Archie Battersbee: Family devastated as legal routes exhausted

UK
Archie BattersbeeHollie Dance

The family of Archie Battersbee were “devastated” that all legal routes have been exhausted, campaign group Christian Concern has said.

The 12-year-old must spend his final days in hospital after the High Court ruled he could not move to a hospice.

The family requested the European Court of Human Rights (ECHR) intervene, but was told it “fell outside” its scope.

Archie has not regained consciousness since an accident at home in Southend, Essex, on 7 April.

The family’s long legal battle to continue his life-sustaining treatment ended when the ECHR said it “would not interfere” with the UK courts’ rulings, paving the way for support to be stopped.

They hoped to move him to a hospice but doctors warned he was too unstable to move by ambulance and it would “hasten premature deterioration”.

Hollie Dance with her son Archie

Hollie Dance

The High Court ruled Archie should remain at Royal London Hospital in Whitechapel, east London.

The family sought permission to appeal against the decision, but that bid was rejected by three justices at the Court of Appeal.

They then asked the ECHR to intervene, but late on Friday, the court said the request could not be dealt with.

A spokesman with campaign group Christian Concern, which is supporting Archie’s family, said: “All legal routes have been exhausted.

“The family are devastated and are spending precious time with Archie.”

The hospital has not confirmed when treatment will be withdrawn, but Christian Concern says the family have been told it will be withdrawn on Saturday.

Responding to the High Court’s hospice ruling earlier on Friday, Archie’s mum, Hollie Dance, said: “All our wishes as a family have been denied by the authorities.

“We are broken, but we are keeping going, because we love Archie and refuse to give up on him.”

Hollie dance with her son Archie

Hollie Dance

Archie was found unconscious at home and his mother believes he may have been taking part in an online challenge.

He suffered “catastrophic” brain injuries and doctors think it is “highly likely” he is brain-stem dead.

Life-sustaining support, including mechanical ventilation and drug treatments, has been in place since April.

‘Unconditional love’

In her ruling earlier on Friday, Mrs Justice Theis concluded it was not in Archie’s best interests to be moved.

She said: “Archie’s best interests must remain at the core of any conclusions reached by this court.

“When considering the wishes of the family, why those wishes are held, the facilities at the hospice, what Archie is likely to have wanted… the risks involved in a transfer… and the increasing fragility of his medical condition, I am satisfied… he should remain at the hospital when treatment is withdrawn.”

Mrs Justice Theis also noted Archie’s family’s “unconditional love and dedication”, which she said had been a “golden thread that runs through this case”.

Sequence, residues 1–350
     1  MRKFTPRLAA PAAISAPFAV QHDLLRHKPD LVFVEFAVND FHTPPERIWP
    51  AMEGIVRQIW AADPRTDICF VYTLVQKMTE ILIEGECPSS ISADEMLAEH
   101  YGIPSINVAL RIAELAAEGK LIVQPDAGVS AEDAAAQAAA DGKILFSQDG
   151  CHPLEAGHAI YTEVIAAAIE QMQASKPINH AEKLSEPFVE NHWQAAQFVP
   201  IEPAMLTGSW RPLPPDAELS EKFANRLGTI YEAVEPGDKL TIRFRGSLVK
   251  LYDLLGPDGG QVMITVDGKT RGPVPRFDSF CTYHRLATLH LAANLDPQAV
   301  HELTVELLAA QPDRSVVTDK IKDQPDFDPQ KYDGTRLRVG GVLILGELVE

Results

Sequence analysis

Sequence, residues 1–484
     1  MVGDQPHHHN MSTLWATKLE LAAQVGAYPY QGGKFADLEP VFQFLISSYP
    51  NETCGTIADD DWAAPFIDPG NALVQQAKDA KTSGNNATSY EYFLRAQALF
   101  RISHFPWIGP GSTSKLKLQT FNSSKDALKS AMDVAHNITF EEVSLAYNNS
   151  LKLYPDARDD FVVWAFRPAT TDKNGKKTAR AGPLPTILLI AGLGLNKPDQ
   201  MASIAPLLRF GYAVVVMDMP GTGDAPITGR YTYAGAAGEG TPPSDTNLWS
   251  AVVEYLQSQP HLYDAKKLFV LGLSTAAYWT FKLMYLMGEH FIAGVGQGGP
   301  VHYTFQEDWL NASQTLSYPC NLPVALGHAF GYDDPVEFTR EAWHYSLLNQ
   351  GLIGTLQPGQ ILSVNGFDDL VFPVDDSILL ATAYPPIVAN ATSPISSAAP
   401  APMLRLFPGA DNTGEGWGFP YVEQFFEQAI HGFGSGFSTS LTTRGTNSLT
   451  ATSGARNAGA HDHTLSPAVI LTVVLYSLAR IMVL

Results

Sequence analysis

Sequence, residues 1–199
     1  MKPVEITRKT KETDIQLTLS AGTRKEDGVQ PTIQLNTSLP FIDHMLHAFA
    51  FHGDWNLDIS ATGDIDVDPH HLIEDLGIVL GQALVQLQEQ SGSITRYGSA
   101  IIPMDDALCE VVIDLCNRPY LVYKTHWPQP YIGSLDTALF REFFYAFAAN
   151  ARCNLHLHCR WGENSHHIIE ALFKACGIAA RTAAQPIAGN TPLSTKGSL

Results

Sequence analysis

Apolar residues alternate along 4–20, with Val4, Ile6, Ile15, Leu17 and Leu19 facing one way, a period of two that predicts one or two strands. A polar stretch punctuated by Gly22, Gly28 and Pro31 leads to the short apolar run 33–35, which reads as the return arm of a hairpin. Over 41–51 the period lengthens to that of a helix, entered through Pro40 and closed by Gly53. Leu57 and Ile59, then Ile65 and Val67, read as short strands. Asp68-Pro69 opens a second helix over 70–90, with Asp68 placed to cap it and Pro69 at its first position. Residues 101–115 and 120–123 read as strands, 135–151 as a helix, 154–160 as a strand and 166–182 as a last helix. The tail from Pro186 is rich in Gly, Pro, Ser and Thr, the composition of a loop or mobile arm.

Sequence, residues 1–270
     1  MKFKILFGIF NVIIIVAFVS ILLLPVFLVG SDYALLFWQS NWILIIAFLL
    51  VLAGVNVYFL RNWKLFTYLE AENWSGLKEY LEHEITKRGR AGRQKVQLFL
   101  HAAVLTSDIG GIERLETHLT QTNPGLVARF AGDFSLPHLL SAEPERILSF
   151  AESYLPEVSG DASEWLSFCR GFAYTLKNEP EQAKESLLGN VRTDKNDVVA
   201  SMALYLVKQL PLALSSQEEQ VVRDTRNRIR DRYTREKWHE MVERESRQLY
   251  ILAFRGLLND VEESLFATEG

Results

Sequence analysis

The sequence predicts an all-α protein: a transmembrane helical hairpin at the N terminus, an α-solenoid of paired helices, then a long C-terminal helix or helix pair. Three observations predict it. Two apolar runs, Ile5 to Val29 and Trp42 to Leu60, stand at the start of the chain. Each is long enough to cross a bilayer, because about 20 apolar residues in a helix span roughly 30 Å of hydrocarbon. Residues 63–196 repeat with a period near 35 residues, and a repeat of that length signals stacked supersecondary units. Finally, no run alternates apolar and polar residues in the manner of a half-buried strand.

“I hope now Archie can be afforded the opportunity for him to die in peaceful circumstances, with the family who meant so much to him as he clearly does to them.”

Timeline: How the story unfolded

Archie is found unconscious by his mother after an incident at their home in Essex. He is taken to Southend Hospital.

Archie is transferred to The Royal London Hospital in Whitechapel where he has been treated ever since.

The NHS trust that runs the Royal London starts High Court proceedings by asking for Archie to undergo brain stem testing.

Mrs Justice Arbuthnot rules that brain stem testing should be carried out.

Two specialists try to administer brain stem function tests, but they are unable to as Archie did not respond to a peripheral nerve stimulation test, a precursor to the brain stem test.

A hearing is held to decide if further MRI scans should be conducted. Archie’s parents did not consent on the basis that moving Archie could harm him.

The court approves further MRI scans, which are carried out on 31 May.

A final hearing is held to hear evidence on whether Archie’s life-support treatment should continue.

The High Court judge rules that Archie is “dead” based on MRI scan results and that treatment could be withdrawn.

Hollie Dance, Archie’s mother, outside the High Court

The family ask the Court of Appeal to reconsider the case.

The Court of Appeal says that a new hearing to determine Archie’s best interests should take place.

A new hearing is held in the High Court with evidence given before Mr Justice Hayden.

Mr Justice Hayden rules that life-support treatment should end, saying continuing it is “futile”.

Three Court of Appeal judges support the High Court ruling that treatment can end.

The Supreme Court rules out intervening in the case and supports the Court of Appeal ruling.

The family make an application to the United Nations.

Archie’s mother and father, Paul Battersbee, outside the Royal London Hospital

A UN Committee writes to the UK government asking for a delay in withdrawing treatment while they consider the case.

The government asks for an urgent hearing to review the case.

The Court of Appeal refuses to postpone withdrawal of treatment until the UN can hear the case.

The Supreme Court refuse the family’s application for permission to appeal the Court of Appeal ruling.

European Court of Human Rights refuses an application from the family to postpone the withdrawal of Archie’s life support.

Archie’s parents make a legal application to move their son to a hospice for end of life care.

A High Court judge rules that Archie cannot be moved to a hospice for withdrawal of treatment.

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